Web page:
Crystal structures of restrictocin–inhibitor complexes with implications for RNA recognition and base flipping

Abstract

The cytotoxin sarcin disrupts elongation factor binding and protein synthesis by specifically cleaving one phosphodiester bond in ribosomes. To elucidate the molecular basis of toxin action, we determined three cocrystal structures of the sarcin homolog restrictocin bound to different analogs that mimic the target sarcin/ricin loop (SRL) structure of the rat 28S rRNA. In these structures, restrictocin contacts the bulged-G motif and an unfolded form of the tetraloop of the SRL RNA. In one structure, toxin loops guide selection of the target site by contacting the base critical for recognition (G4319) and the surrounding S-shaped backbone. In another structure, base flipping of the tetraloop enables cleavage by placing the target nucleotide in the active site with the nucleophile nearly inline for attack on the scissile bond. These structures provide the first views of how a site-specific protein endonuclease recognizes and cleaves a folded RNA substrate.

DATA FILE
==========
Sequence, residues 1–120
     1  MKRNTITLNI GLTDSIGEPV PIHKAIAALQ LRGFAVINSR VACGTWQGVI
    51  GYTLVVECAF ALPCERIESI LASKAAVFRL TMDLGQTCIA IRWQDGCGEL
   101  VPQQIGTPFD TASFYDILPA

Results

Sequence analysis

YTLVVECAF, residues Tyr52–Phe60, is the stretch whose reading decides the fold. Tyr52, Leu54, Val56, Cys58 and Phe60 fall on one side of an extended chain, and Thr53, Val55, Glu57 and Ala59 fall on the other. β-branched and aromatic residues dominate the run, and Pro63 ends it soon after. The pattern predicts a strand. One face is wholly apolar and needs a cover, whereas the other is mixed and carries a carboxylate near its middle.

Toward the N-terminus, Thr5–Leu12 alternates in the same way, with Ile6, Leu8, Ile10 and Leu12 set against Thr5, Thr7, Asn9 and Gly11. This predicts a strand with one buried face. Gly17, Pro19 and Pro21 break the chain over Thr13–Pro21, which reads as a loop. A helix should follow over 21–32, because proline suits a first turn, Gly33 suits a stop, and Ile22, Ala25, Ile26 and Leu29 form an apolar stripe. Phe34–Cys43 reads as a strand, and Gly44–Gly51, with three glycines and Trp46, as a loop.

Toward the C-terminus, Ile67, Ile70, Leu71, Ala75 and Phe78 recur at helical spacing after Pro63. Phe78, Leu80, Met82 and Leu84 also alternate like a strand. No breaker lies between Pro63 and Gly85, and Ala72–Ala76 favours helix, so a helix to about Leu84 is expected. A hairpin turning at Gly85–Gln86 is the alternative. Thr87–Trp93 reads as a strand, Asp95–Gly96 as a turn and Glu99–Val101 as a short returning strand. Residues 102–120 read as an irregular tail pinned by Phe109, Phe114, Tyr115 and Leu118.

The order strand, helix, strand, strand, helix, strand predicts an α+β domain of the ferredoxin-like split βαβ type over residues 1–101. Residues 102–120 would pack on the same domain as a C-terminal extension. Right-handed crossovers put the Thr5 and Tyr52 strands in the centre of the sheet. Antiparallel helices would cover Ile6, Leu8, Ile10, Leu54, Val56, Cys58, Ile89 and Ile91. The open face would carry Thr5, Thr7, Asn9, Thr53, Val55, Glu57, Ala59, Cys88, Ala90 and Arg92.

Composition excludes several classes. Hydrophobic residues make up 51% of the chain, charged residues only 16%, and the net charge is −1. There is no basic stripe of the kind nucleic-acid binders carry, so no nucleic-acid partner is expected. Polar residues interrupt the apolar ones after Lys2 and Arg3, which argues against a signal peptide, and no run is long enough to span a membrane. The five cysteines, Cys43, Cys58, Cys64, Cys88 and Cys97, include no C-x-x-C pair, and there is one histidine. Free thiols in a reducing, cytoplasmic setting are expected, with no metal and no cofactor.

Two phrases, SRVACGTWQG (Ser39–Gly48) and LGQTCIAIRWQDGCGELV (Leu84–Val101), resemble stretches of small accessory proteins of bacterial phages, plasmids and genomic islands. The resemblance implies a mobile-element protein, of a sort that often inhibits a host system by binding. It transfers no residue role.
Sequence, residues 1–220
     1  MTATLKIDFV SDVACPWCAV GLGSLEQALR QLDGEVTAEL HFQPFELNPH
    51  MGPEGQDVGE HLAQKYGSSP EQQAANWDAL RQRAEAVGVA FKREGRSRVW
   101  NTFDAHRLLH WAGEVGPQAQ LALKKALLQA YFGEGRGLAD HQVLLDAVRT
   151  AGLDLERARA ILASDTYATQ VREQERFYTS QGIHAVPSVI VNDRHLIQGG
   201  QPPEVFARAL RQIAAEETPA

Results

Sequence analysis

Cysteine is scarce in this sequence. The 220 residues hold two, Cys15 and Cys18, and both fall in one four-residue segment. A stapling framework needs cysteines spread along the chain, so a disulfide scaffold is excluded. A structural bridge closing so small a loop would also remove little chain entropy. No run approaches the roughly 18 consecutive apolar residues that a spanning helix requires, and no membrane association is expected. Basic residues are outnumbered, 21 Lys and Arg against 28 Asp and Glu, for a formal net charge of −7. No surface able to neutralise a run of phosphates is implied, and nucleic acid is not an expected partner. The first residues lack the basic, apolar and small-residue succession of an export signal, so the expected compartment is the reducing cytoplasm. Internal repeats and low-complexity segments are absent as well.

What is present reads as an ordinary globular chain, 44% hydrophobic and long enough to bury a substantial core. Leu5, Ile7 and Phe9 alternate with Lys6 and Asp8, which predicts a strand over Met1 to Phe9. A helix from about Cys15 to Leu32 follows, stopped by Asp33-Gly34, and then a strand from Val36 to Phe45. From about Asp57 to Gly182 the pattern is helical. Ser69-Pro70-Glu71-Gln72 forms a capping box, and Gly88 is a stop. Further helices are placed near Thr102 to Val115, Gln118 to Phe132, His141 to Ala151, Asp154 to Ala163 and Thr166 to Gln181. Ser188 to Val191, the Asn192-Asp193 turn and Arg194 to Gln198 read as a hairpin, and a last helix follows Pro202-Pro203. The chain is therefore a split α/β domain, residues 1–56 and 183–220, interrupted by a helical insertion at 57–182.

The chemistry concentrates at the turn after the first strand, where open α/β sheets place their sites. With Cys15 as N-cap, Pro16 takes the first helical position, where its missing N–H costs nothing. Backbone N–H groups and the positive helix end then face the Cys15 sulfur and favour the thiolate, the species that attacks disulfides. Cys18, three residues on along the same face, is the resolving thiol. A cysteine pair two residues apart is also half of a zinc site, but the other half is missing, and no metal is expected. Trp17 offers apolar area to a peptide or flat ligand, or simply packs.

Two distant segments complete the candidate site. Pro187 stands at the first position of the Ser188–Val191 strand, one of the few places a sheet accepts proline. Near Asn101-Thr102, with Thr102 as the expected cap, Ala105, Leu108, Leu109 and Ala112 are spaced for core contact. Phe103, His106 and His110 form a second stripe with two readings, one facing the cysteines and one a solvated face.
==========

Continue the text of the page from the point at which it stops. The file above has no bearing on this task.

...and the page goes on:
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Figure 1: Structural overview.
Figure 2: Recognition of the identity element, G4319.
Figure 3: Unfolding of the tetraloop enables cleavage.
Figure 4: Implications for cleavage and recognition.

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Acknowledgements

We thank J. Beneken, Y. Chen, A. Glück, T. Pan, P. Rice and I. Wool for helpful discussion and the staff of BioCARS for help with data collection. A Cancer Research Foundation Young Investigator Award and grant from the NIH to C.C.C. supported this work.

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Correspondence to Carl C. Correll.

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